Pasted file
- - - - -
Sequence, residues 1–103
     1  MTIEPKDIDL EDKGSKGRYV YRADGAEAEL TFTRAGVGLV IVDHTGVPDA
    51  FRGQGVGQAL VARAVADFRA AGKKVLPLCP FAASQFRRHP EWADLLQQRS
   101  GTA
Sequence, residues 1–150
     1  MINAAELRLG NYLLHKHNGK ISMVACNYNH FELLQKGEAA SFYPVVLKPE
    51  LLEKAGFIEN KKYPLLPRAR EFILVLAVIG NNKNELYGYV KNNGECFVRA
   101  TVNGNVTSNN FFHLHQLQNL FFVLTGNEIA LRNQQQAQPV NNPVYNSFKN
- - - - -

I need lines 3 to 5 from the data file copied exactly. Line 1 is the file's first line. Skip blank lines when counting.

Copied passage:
    51  FRGQGVGQAL VARAVADFRA AGKKVLPLCP FAASQFRRHP EWADLLQQRS
   101  GTA
Sequence, residues 1–150